Return to Ireland and farming

Greatrakes returned to Ireland in 1667,[7] and resumed farming in 1668 on £1,000 a year.[4] Although he lived for many years, he no longer kept up the reputation of performing those strange cures which have procured him a name. But in this his case is very singular, that on the strictest enquiry no sort of blemish was ever thrown upon his character, nor did any of those curious and learned persons, who espoused his cause, draw any imputation upon themselves.[7]

Greatrakes died on 28 November 1682 at Affane, County Waterford. He may be buried in Lismore Church or under the aisle of the old Affane Church near to his father (sources vary).[8]

Skeptical reception

Charles Mackay, in his Extraordinary Popular Delusions and the Madness of Crowds (1841), wrote that:

"Mr Valentine Greatraks, who, without mentioning magnetism, or laying claim to any theory, practised upon himself and others a deception much more akin to the animal magnetism of the present day than the mineral magnetism it was then so much the fashion to study."[9]

James Randi, citing Mackay in his book The Faith Healers also considered Greatrakes to be a quack, who had deceived himself.[10]


In the early 1660s Greatrakes married Ruth (died 1678), daughter of Sir William Godolphin (1605–1663),[11] and his first wife Ruth, daughter of Sir John Lambe. He married secondly Alice Tilson (died 1678 or 1684).[12] He had three children:

  • Williman (died 1686), who married Mary, daughter of Johah Wheeler.[12]
  • Edmund (died during 1691–1692), who married Anne, daughter of Thomas Wilcox.[12]
  • Mary, who married Edmund Browning.[12]


  • The public commotion which Greatrakes caused gave rise to a novel (in French) by M. St. Evremond, entitled, The Irish Prophet, in which he finely plays on the credulity of the people, and the spirit of superstition. He also shows that there is no kind of conjugation which is able to lay this kind of Dæmon, which sometimes surfaces in society.
  • A volume of correspondence between Greatrakes and Sir Edmund Berry Godfrey has been edited by Alan Marshall of Bath University.
  • Greatrakes is mentioned briefly in Susannah Clarke's novel Jonathan Strange & Mr Norrell. (p. 211)
  • Blackwater Angel, a play about Greatrakes by Jim Nolan, was performed at the Finborough Theatre, London, in March 2006.
  • Greatrakes is an important character in William Carleton's The Evil Eye or, The Black Spectre.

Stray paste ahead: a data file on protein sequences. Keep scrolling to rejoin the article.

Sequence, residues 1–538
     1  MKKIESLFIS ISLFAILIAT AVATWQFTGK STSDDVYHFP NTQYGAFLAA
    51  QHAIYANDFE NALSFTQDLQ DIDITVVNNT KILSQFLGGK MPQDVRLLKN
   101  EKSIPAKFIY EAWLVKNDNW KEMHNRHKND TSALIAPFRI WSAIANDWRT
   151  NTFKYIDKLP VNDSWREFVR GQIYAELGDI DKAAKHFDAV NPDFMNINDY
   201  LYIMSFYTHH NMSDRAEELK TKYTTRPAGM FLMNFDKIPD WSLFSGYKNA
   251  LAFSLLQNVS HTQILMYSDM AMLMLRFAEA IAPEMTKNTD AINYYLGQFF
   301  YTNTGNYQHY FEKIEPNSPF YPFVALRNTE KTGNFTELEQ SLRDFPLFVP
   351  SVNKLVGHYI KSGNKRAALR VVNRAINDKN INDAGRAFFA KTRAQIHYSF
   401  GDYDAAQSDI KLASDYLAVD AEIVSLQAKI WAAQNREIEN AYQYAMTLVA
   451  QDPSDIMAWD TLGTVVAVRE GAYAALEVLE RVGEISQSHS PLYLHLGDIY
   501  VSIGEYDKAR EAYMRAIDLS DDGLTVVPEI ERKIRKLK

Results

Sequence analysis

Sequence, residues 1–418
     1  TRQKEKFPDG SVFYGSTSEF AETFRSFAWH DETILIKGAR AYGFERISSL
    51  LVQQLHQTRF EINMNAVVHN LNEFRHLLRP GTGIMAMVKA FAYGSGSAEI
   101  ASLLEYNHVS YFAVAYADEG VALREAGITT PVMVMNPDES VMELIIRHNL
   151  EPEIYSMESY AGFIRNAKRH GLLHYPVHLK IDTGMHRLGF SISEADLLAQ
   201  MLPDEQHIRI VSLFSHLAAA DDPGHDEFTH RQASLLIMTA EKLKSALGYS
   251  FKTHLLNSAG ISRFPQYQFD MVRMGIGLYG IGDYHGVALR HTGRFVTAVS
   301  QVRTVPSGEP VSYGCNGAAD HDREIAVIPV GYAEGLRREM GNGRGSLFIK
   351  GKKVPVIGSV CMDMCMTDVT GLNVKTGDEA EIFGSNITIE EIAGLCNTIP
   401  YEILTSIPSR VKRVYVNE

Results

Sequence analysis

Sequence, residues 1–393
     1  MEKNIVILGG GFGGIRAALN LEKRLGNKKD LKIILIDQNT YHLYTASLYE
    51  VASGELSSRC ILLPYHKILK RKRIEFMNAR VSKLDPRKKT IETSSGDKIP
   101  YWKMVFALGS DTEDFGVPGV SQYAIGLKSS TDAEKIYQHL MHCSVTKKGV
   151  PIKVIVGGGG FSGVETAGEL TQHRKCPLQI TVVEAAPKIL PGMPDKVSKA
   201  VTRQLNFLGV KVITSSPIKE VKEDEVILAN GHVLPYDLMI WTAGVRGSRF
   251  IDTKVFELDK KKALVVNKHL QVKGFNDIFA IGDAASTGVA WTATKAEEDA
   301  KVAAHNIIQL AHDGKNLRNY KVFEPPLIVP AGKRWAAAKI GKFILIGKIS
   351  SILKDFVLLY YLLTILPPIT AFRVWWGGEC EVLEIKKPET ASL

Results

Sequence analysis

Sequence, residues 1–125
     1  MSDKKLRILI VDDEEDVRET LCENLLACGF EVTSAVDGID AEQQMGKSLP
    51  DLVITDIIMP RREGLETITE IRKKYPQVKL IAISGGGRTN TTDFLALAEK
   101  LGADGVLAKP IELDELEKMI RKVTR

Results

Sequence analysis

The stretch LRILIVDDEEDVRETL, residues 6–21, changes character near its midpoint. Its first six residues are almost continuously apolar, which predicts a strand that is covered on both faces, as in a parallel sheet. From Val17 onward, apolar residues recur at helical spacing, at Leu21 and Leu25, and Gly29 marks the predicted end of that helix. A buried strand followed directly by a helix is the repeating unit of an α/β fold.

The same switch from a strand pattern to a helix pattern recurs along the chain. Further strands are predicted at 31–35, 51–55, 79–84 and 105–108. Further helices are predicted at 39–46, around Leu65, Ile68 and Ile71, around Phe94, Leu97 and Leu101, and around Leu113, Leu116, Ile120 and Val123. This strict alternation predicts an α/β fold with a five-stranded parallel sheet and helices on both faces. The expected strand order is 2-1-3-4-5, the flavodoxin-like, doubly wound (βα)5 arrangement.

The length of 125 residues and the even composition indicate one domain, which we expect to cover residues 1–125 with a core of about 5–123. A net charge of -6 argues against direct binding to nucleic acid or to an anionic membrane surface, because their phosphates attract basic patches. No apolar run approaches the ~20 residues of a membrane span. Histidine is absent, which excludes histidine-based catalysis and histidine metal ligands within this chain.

• Greatrakes (using the alternate spelling "Greatorex") features prominently in Iain Pears's "An Instance of the Fingerpost", in which his psychic powers are shown to be real.
  • Greatrakes is one of the main characters in the novel The Remedy by Michelle Lovric.
  • Greatrakes is mentioned in passing in James Joyce's 'Ulysses', in the 'Cyclops' episode.


  1. Elmer 2013, pp. 17, 181.
  2. 2.0 2.1 2.2 2.3 2.4 2.5 2.6 2.7 2.8 2.9 Urban 1779, p. 22.
  3. Gordon 1896, p. 143.
  4. 4.0 4.1 Lalor 2003, p. 457.
  5. Urban 1779, p. 22 notes see a humorous account of his stroking in King's Works, vol. II, p. 46.
  6. Urban 1779, pp. 22–23.
  7. 7.0 7.1 Urban 1779, p. 23.
  8. Frahe 2001.
  9. Mackay, Charles. (1852 edition). Memoirs of Extraordinary Popular Delusions and the Madness of Crowds. London: Robson, Levey and Franklyn. p. 268
  10. Randi, James. (1987). The Faith Healers. Prometheus Books. p. 17. ISBN 0-87975-369-2 "I am grateful that MacKay recognized that Greatraks deceived both his patients and himself. As with fortune-tellers, healers often begin to believe in their own powers because their subjects tend to give them only positive feedback. Thus they can excuse and forget their many failures, and their legends grow."
  11. Elmer 2013, p. 63.
  12. 12.0 12.1 12.2 12.3 Elmer 2013, p. 181.


  •  Gordon, Alexander (1896). [ "Phayre, Robert" ] Check |ws link in chapter= value (help). In Lee, Sidney (ed.). Dictionary of National Biography. 45. London: Smith, Elder & Co. p. 142–143.<templatestyles src="Module:Citation/CS1/styles.css"></templatestyles>
  • Lalor, Brian, ed. (2003). The Encyclopaedia of Ireland. Dublin: Gill & Macmillan. p. 457. ISBN 0-7171-3000-2.<templatestyles src="Module:Citation/CS1/styles.css"></templatestyles>
  • Frahe, Willie (26 July 2001). "Valentine Greatrakes - 'The Stroker'". Waterford County Museum.<templatestyles src="Module:Citation/CS1/styles.css"></templatestyles>
  • Elmer, Peter (2013). The Miraculous Conformist: Valentine Greatrakes, the Body Politic, and the Politics of Healing in Restoration Britain (illustrated ed.). Oxford University Press. p. 63. ISBN 9780199663965.<templatestyles src="Module:Citation/CS1/styles.css"></templatestyles>
  • This article incorporates text from a publication now in the public domain: Urban, ed. (1779), The Gentleman's Magazine, and Historical Chronicle, 49, E. Cave, pp. 22–23<templatestyles src="Module:Citation/CS1/styles.css"></templatestyles>

Further reading